As of late we’ve been playing a lot more cooperative games. These types of games build teamwork skills and require solid social interaction – perfect lessons for our two pre-teens. We’ve killed zombies and rescued people from a burning building, but this time we were going to learn a little history at the same time!
Lembitu was an ancient Estonian elder of Sakala County and a military leader in the struggle against conquest of the Estonian lands by the German Livonian Brothers of the Sword at the beginning of the 13th century. He is the only Estonian pre-Crusade ruler of which some biographical information is known (he is mentioned only in the Chronicle of Henry of Livonia). He attempted to unite the Estonians in order to withstand the German conquest, and managed to assemble an army of 6,000 Estonian men from different counties, but was killed in the following Battle of St. Matthew’s Day in September, 1217.
The Lembitu board game by 2D6 Games re-enacts this ancient leader’s attempt to defend his home city of Weissenstein from being invaded by three different forces. One to four players work to push back the ever-oncoming rush of enemies, hoping to simply last a predetermined number of rounds. Do so and the entire team is victorious. Move your pawn too close to the battle and you may find yourself sitting on the sidelines while the rest of your team (while weakened) still try to win the day.
Everyone starts in the heavily-fortified city of Weissenstein with enemy forces getting a head start towards your town thank to some random dice rolling. Each die has different symbols, colors and quantities that dictate how the enemy forces will advance. They travel along main roads, always taking the shortest route to your city. On the other hand, you can travel on both main and back roads, allowing you to cut off their supply route and requiring them to repair it before they can inch forward.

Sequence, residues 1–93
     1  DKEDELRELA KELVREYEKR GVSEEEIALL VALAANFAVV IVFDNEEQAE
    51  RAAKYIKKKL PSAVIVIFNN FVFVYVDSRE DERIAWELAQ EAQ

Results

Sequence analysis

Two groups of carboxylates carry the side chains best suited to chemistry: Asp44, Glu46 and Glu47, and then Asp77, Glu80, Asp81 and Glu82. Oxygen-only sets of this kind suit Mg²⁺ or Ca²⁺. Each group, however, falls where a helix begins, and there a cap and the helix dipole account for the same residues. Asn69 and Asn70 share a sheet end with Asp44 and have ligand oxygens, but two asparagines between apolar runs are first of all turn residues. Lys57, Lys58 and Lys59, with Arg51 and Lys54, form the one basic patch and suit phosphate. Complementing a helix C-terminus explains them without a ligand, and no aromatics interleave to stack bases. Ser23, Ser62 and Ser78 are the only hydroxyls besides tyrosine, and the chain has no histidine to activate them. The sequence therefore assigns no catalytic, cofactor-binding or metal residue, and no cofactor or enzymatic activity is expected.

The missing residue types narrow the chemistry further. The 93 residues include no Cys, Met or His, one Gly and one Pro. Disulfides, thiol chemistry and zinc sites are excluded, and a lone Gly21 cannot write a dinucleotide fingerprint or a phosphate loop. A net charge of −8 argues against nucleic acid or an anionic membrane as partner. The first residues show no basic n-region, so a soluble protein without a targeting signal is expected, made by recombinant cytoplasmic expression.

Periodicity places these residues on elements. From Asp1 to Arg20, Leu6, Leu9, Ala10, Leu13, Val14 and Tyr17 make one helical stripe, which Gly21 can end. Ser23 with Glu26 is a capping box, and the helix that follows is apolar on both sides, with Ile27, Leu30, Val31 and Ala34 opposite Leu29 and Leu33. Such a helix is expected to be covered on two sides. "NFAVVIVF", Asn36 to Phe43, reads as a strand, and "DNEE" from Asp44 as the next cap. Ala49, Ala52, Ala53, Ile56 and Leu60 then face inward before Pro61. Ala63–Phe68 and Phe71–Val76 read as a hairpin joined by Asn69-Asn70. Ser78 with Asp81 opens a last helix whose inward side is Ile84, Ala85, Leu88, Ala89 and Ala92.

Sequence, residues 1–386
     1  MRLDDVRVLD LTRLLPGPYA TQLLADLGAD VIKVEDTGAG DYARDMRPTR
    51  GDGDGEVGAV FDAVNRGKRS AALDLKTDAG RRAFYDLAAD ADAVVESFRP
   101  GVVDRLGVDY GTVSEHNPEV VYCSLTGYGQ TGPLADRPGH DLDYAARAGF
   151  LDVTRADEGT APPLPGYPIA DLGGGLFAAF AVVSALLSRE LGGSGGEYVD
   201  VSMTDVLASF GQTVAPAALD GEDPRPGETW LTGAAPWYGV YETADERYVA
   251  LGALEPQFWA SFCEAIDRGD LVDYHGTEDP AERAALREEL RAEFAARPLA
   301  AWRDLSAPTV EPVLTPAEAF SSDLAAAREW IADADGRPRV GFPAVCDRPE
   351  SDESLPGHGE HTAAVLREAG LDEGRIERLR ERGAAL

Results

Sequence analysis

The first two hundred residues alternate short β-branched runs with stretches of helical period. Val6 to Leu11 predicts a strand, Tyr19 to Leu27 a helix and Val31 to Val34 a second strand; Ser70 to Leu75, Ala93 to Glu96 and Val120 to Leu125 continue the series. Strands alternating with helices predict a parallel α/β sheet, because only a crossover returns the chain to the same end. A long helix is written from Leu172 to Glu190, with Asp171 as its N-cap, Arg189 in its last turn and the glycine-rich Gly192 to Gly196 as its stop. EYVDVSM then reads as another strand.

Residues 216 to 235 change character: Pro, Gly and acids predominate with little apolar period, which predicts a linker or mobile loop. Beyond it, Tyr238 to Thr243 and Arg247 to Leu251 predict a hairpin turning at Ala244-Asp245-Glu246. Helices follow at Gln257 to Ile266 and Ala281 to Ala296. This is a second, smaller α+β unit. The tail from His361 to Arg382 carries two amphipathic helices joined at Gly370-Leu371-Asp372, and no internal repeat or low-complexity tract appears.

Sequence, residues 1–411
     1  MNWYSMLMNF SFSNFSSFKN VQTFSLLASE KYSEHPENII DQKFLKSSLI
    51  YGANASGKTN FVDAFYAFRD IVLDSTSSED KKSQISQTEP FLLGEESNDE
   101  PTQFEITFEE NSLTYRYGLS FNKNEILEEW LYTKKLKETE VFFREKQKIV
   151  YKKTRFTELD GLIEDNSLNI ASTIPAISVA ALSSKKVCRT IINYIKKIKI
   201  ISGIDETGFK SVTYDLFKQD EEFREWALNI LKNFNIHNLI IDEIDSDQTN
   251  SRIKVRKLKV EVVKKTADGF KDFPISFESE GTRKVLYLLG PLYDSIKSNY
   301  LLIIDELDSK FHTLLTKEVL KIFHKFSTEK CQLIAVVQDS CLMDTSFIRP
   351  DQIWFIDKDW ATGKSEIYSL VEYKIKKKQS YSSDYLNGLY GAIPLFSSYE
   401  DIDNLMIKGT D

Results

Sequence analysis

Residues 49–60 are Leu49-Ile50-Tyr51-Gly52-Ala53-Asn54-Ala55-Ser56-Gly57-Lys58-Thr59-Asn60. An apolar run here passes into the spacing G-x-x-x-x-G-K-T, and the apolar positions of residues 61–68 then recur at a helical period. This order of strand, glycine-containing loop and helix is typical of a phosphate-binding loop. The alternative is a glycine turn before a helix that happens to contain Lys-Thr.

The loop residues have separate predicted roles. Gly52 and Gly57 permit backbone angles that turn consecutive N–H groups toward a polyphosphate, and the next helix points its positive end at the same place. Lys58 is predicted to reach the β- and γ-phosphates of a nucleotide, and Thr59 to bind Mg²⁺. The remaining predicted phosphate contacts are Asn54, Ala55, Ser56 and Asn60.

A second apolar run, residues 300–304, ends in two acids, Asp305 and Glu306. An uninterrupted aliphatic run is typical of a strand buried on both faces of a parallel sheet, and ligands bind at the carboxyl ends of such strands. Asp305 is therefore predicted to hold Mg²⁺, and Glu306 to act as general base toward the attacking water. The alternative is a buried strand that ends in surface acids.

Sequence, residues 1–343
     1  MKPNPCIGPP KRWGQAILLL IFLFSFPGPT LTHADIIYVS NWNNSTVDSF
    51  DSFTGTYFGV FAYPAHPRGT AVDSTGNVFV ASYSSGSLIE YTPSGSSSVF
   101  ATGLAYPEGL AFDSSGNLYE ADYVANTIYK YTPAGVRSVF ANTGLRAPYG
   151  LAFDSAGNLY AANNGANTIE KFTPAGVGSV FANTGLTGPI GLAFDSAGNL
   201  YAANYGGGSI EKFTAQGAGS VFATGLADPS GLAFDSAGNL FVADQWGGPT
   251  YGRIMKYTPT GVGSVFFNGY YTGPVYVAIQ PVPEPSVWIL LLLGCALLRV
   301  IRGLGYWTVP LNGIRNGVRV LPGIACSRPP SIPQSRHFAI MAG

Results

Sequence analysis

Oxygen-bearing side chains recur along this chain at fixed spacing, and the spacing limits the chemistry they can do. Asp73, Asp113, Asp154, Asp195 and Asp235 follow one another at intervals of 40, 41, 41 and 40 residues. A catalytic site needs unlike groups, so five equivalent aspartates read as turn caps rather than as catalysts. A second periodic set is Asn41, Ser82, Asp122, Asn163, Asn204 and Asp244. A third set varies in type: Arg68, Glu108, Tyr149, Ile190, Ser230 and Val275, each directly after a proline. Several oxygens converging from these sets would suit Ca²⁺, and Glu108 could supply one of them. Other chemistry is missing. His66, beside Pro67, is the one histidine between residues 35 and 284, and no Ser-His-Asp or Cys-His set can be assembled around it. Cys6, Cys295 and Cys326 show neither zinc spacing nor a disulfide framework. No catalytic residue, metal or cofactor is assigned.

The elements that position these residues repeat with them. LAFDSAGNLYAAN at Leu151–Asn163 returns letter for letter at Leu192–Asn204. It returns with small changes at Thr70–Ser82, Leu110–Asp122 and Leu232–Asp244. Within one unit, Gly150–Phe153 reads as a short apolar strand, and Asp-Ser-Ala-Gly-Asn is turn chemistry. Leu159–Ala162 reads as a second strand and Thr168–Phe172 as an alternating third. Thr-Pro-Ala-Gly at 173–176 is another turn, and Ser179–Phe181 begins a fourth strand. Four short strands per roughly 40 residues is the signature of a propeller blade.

The rounds are simply divided into friend/enemy turns, with all players getting to perform up to three actions per turn. You may move on a road, attack an enemy force or cause the people in the town you are currently in to rebel against the enemy kingdoms. At three stages in the game, an event is triggered that turns all rebelling cities in that colored region to fortifications. These stop the enemy in their tracks, forcing them to either maneuver around them (thus taking longer) or spending siege units to destroy the buildings.
In its basic sense, this is all there is to the game – just outlast the oncoming forces until the time marker makes its way around the board (note, towards the end of the game, the enemy gets two advances for each one of your turns – so be prepared by then)!
I couldn’t help but compare Lembitu to an old classic video game I used to love – Missile Command. If you recall, you used a trackball to fire at oncoming missiles raining down from the sky. As the game progressed, they became more plentiful and moved faster. This was the feeling we got from playing Lembitu. You didn’t know where the enemy would advance, you needed to deploy your pawns over to them to attack and as the game progressed they moved towards you faster!
Thanks to warmer weather we opted to play a round outside in the cooling summer evening. You can see the long shadows start to fall as we progress through this round, eventually ending up playing by flashlight once the sun set. You may find this odd, but it did lend a nice ambiance to the game with the enemy advancing under the cover of night. Unfortunately for us, although we thought we were defending nicely, it came down to one last roll of the dice – and of course the unluckiest results occurred and we lost when the Danish forces moved into our base.
You won’t find Lembitu in any stores near you, nor will you find it on Amazon. Lembitu is self-published by 2D6 Games based out of Estonia (how appropriate, right?!). Designed and published by Mr. Aigar Alaveer, Lembitu is a solid cooperative title that is extremely easy to teach, but not as easy to win. You can find copies for sale directly from 2D6 Games for €30.00, and check out their Facebook page to see what else they’re working on.